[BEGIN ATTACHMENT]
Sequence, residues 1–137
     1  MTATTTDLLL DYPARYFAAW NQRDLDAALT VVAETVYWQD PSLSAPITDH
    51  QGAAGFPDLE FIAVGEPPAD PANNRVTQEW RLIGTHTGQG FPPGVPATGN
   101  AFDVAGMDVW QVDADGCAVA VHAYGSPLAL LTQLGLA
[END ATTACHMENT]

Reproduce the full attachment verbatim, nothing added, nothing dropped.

Sequence, residues 1–137
     1  MTATTTDLLL DYPARYFAAW NQRDLDAALT VVAETVYWQD PSLSAPITDH
    51  QGAAGFPDLE FIAVGEPPAD PANNRVTQEW RLIGTHTGQG FPPGVPATGN
   101  AFDVAGMDVW QVDADGCAVA VHAYGSPLAL LTQLGLA